For any manufacturer with aspirations to grow, then an investment in manufacturing ERP is fairly essential. Manufacturing ERP, in short, is how manufacturers build those seamless links between sales order entry, purchasing, production, despatch, and eventual invoicing. One seamless system; one seamless way of working.
But ERP manufacturing software comes at a price. There’s software to license and implement, people to train, and IT infrastructure to build and maintain. Which begs an obvious question: where is the ROI of manufacturing ERP to come from?
At Kerridge Commercial Systems, we don’t think that it’s a question that is asked often enough. Or, indeed, searchingly enough.
“You have to have manufacturing ERP,” goes the argument. “Everybody does.”
And that’s true. But implementing manufacturing ERP because ‘everybody does’ will not necessarily deliver much by way of ROI.
So here are three pointers to maximising the ROI of your investment in manufacturing ERP.
Manufacturing ERP: turning efficiency improvements into value
Compared to having multiple systems—one for accounts, one for inventory control, one for sales, and so on—then manufacturing ERP is much more efficient.
That’s obvious. There’s far less re-keying of information from system to system, for instance, far less time spent correcting the inevitable errors, and far less time hunting for data.
But in terms of converting that improved efficiency into an ROI that’s discernible on the bottom line, too many manufacturing ERP implementations take refuge behind glib statements and wishful thinking.
The point is this: after your investment in manufacturing ERP, fewer people will be carrying out tasks such as re-keying. So what are they going to be doing instead?
That said, it’s not necessarily about redundancy, and people losing their jobs. Just as valuable—if not more so—is redeployment into tasks that add value, such as customer service roles.
Manufacturing ERP: slicker supply chains free up cash
Undoubtedly, for most companies an investment in a manufacturing ERP system means automatic access to improved supply chain processes. More sophisticated forecasting, for instance. Better inventory control and reordering systems. Greater visibility into supplier performance. Greater visibility into procurement spend. And so on.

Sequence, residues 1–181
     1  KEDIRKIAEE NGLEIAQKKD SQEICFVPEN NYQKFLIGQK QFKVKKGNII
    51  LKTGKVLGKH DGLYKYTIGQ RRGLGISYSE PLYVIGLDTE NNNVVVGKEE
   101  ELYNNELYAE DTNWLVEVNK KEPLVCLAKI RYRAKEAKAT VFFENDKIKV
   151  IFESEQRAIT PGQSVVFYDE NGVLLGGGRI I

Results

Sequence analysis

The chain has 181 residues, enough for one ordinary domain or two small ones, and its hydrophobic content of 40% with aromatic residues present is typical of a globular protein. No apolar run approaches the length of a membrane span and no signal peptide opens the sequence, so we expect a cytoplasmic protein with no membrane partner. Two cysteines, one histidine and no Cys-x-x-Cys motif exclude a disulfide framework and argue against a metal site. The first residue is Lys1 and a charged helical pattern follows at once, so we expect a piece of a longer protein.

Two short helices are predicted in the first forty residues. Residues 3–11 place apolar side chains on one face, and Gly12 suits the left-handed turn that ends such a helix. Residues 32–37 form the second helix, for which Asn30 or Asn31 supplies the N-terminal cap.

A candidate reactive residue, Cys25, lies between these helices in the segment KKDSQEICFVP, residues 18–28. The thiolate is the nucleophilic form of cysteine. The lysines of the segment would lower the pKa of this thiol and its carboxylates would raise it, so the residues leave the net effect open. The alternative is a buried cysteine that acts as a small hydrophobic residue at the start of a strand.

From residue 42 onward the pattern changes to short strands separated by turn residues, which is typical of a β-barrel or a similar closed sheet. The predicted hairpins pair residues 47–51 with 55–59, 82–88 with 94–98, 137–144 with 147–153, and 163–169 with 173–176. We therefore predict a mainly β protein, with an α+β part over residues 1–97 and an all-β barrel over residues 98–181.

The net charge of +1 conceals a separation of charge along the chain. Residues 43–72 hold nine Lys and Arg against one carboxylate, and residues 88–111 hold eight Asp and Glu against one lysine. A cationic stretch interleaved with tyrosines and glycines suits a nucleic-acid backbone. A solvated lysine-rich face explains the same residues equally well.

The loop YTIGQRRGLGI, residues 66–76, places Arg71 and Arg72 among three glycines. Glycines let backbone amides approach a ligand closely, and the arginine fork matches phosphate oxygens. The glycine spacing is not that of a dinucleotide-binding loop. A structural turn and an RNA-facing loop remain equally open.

And what’s more, these are knowns from the outset. Here at Kerridge Commercial Systems we routinely see such improvements when customers adopt our manufacturing ERP system—shorter lead times, reduced inventory levels, fewer stockouts, and less time spent processing sudden rush orders.
So plan for these improvements. Proactively target them, and consciously strive to turn them into bottom line benefits.
Put another way, if after implementing your manufacturing ERP system, you discover that lead times and inventory levels haven’t come down, thus releasing cash, then it’s time to ask some searching questions.
Manufacturing ERP: the enabler of a move to barcodes
Finally, a manufacturing ERP system is a great way of driving factory-floor and warehouse productivity improvements, as it provides a seamless ‘transaction backbone’, with orders and materials smoothly flowing through the system.
Most obviously, this makes a manufacturing ERP system an ideal way to leverage technologies such as barcodes and RFID tags—at a stroke not just reducing errors and eliminating mislaid inventory and orders, but also directly impacting factory-floor and warehouse productivity.
So if what’s always held you back from a move to barcodes is the absence of an integrated manufacturing ERP system, then it’s time for a re-think.
Putting it all together
So is an investment in manufacturing ERP a smart move? For the vast majority of manufacturing businesses, yes.
But too few of those businesses are being demanding enough in terms of seeking out and securing the hard cash benefits of their investment in manufacturing ERP.
Our message: don’t join them.